Dinosaurs — the one scientific topic popular to both liberals and conservatives
Research shows the groups have different tastes when buying science books. For the most part.
While scientists generally try to stay out politics, letting evidence-based research to speak for itself, the strong division in American society has spread to science. How you view stem cell research, climate change, evolution and the role of science in setting public policy is one indicator of political leanings. Another can be the kind of science books you read with a new study finding that liberals and conservatives have very different tastes.
By analyzing millions of online purchases, researchers from Cornell, Yale and University of Chicago found that there are clear partisan preferences in how we buy books on scientific topics. Liberals opt for so-called "basic" sciences, like physics, astronomy and zoology, while conservatives go for applied and commercial sciences, such as medicine, criminology and geophysics.
"When we look at what science books they read and on what topics, liberals and conservatives are noticeably divided," said the study's co-author Professor Michael Macy from Cornell University. “They tend to not read the same books, and they don't follow the same topics."
Feng Shi, the study's first author, proposed that liberals like “scientific puzzles" while conservatives prefer “problem-solving".
One topic popular with both sides — books on dinosaurs. These were bought across the whole political spectrum.
For the study, researchers looked at purchase histories from Amazon and Barnes & Noble online stores, creating a dataset of 25 million “co-purchases" and 1.5 million books. They relied on the fact that these retailers recommend books to customers via book suggestion features like “Customers Who Bought This Item Also Bought". That way the scientists could see what scientific texts were bought by those who also got liberal or conservative books.
The study's authors think it's likely that people who buy political books get science books to support their views rather than out of a general interest in science.
Is there a way science could help heal the division in the country? The study's lead author Professor James Evans from University of Chicago is somewhat optimistic, thinking that people on all sides ultimately respect science.
"Interest and respect for science remains high across political boundaries in the United States, suggesting that it could be a crucial bridge for crossing partisan divides in America," said Professor Evans.
Professor Macy thinks their research highlights the fact that science communication needs to improve.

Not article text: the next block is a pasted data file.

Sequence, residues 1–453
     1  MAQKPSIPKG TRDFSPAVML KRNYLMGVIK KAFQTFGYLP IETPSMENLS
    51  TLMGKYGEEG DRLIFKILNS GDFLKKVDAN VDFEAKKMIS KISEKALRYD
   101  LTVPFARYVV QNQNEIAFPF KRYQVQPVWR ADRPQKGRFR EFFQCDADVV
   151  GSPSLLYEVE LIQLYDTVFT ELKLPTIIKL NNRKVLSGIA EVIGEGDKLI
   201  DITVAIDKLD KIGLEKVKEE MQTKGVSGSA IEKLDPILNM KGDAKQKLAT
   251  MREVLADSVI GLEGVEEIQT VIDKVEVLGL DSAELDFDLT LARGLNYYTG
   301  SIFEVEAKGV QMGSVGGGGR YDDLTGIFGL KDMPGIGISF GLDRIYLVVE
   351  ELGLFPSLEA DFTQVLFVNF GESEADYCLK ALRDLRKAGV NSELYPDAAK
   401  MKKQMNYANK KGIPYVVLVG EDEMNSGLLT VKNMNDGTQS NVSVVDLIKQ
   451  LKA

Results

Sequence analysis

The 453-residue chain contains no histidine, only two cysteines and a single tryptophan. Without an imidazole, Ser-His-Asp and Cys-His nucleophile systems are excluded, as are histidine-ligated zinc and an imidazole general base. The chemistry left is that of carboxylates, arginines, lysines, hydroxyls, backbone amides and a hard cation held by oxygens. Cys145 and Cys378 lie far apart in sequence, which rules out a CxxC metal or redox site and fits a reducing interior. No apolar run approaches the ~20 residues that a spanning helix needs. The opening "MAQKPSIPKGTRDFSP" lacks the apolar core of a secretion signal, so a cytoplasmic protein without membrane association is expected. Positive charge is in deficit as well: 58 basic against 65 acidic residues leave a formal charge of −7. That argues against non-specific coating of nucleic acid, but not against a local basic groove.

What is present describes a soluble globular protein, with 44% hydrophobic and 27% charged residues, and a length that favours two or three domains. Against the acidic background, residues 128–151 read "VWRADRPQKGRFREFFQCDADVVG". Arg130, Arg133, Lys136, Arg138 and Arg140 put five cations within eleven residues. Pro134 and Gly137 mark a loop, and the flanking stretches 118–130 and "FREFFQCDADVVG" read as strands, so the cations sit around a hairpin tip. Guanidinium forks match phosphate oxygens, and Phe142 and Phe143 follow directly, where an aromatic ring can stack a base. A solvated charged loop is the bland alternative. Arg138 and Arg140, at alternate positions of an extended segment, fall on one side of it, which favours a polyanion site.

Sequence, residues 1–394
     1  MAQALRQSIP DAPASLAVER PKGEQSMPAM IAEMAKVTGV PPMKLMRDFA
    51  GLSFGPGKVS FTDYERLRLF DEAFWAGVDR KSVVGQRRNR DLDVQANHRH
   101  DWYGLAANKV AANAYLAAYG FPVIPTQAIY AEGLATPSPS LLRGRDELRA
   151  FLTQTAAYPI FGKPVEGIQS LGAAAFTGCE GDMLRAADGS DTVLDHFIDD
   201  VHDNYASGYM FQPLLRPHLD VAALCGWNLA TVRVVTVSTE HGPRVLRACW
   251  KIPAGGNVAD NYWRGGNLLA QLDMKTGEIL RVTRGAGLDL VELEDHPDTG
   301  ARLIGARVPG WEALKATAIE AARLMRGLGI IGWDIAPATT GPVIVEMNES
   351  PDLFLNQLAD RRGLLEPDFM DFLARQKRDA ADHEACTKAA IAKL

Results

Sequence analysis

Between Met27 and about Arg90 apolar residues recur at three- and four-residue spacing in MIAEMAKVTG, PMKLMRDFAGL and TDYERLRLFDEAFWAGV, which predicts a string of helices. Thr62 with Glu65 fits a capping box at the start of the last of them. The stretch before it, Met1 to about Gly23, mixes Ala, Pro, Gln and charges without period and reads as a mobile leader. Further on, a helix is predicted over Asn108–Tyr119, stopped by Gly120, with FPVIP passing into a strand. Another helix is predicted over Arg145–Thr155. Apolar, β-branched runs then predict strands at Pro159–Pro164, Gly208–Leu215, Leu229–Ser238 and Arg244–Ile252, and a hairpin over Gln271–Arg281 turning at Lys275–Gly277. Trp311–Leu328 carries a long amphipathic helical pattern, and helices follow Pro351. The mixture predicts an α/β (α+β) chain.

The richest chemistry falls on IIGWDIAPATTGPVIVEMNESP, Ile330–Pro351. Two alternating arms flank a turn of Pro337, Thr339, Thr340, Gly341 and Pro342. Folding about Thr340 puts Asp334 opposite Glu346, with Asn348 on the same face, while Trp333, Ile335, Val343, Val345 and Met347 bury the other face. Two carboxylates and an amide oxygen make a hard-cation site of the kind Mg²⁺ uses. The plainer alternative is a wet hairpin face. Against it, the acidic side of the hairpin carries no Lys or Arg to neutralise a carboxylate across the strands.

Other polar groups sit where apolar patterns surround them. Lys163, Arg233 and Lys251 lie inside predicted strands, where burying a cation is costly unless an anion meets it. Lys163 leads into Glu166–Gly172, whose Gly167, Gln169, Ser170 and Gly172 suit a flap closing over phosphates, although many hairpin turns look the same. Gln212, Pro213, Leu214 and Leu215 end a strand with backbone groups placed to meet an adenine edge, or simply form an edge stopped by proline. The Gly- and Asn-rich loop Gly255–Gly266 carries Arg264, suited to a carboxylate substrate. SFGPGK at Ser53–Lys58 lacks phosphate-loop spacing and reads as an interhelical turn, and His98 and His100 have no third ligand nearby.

"Our findings point to the need to communicate scientific consensus when it occurs, helping scientists find common cause with their audiences and adding public debate alongside scientific analysis to clarify the distinction between facts and values," said Macy.
While the study is illuminating, it has some limitations, with political scientist Toby Bolsen cautioning that this research did not draw on a random sample of books, relying instead on how the online sellers categorized them. We also don't know conclusively the motivations behind why individuals bought certain books.
You can read the new study in Nature Human Behavior.
Pfizer's partnerships strengthen their ability to deliver vaccines in developing countries.
- Community healthcare workers face many challenges in their work, including often traveling far distances to see their clients
- Pfizer is helping to drive the UN's sustainable development goals through partnerships.
- Pfizer partnered with AMP and the World Health Organization to develop a training program for healthcare workers.
A new study shows choosing to be active is a lot of work for our brains. Here are some ways to make it easier.
There's no shortage of science suggesting that exercise is good for your mental as well as your physical health — and yet for many of us, incorporating exercise into our daily routines remains a struggle. A new study, published in the journal Neuropsychologia, asks why. Shouldn't it be easier to take on a habit that is so good for us?
There is no doubt that the historical Jesus, the man who was executed by the Roman State in the first century CE, was a brown-skinned, Middle Eastern Jew.
I grew up in a Christian home, where a photo of Jesus hung on my bedroom wall. I still have it. It is schmaltzy and rather tacky in that 1970s kind of way, but as a little girl I loved it. In this picture, Jesus looks kind and gentle, he gazes down at me lovingly. He is also light-haired, blue-eyed, and very white.
The stories we tell define history. So who gets the mic in America?
- History is written by lions. But it's also recorded by lambs.
- In order to understand American history, we need to look at the events of the past as more prismatic than the narrative given to us in high school textbooks.
- Including different voices can paint a more full and vibrant portrait of America. Which is why more walks of American life can and should be storytellers.
SMARTER FASTER trademarks owned by The Big Think, Inc. All rights reserved.